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Re: [Xen-devel] [PATCH v3 2/3] x86/ldt: Make modify_ldt optional

On Thu, Jul 23, 2015 at 4:58 PM, Willy Tarreau <w@xxxxxx> wrote:
> On Thu, Jul 23, 2015 at 04:40:14PM -0700, Andy Lutomirski wrote:
>> On Thu, Jul 23, 2015 at 4:36 PM, Kees Cook <keescook@xxxxxxxxxxxx> wrote:
>> > I've been pondering something like this that is even MORE generic, for
>> > any syscall. Something like a "syscalls" directory under
>> > /proc/sys/kernel, with 1 entry per syscall. "0" is "available", "1" is
>> > disabled, and "-1" disabled until next boot.
>> >
>> It might want to be /proc/sys/kernel/syscalls/[abi]/[name], possibly
>> with more than just those options.  We might want "disabled, returns
>> ENOSYS", "disabled, returns EPERM", and a lock bit.
>> On x86 at least, the implementation's easy -- we can just poke the
>> syscall table.
> I wouldn't do it these days. Around 2000-2001, with a friend we designed
> a module with its userland counterpart which was called "overloader". The
> principle was to intercept syscalls in order to enforce some form of
> policies, log values, or remap paths, etc. The first use was to log all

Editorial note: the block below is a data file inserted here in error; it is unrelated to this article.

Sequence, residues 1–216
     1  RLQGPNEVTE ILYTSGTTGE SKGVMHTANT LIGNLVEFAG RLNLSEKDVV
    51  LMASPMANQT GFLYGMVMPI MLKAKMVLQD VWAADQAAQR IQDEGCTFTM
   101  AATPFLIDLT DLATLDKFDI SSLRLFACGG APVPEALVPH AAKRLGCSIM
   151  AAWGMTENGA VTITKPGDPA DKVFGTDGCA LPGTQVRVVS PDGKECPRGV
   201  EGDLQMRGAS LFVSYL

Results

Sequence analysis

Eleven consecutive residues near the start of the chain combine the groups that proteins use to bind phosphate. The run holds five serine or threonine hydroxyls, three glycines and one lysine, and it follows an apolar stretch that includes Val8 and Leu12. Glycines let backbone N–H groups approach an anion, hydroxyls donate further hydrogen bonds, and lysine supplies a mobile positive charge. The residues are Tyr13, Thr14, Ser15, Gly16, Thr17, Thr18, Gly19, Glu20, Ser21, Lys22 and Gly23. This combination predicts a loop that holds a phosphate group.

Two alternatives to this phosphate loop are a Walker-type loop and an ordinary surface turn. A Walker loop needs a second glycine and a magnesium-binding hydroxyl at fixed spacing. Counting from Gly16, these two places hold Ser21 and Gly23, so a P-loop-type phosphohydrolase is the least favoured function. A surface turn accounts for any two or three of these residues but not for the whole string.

> file creations during a "make install" to more easily build packages. It
> was at the era where it was easy to modify the syscall table from a module,
> in kernel 2.2.
> We quickly found that beyond logging/rewriting syscall arguments, it had
> limited use cases when used as a "syscall firewall" because many syscalls
> are still too coarse to decide whether you want to enable/disable them.
> I remember that socketcall() and ioctl() were among the annoying ones.
> Either you totally enable or totally disable. In the end, the only valid
> use cases we found for enabling/disabling a syscall were limited to a very
> small set for debugging purposes, in order to force some application code
> to detect a missing implementation and switch to an alternative (eg: these
> days if you suspect a bug in epoll you could disable it and force the app
> to use poll instead). It was still useful to disable module loading and
> FS mounting but that was about all by then.
> All this to say that probably only a handful of tricky syscalls would
> need an on/off switch but clearly not all of them at all, so I'd rather
> add a few entries just for the relevant ones, mainly to fix compatibility
> issues and nothing more. Eg: what's the point of disabling exit(), wait(),
> kill(), fork() or getpid()... It would only increase the difficulty to
> sort out bug reports.
> Just my opinion,

Well, I would really like to have something like this around so that I
can trivially globally disable syscalls when they have security risks.
My hack[1] to disable kexec_load, for example, was terrible while I
waited for a kernel that supported the disable_kexec_load sysctl.


[1] https://outflux.net/blog/archives/2013/12/10/live-patching-the-kernel/

Kees Cook
Chrome OS Security

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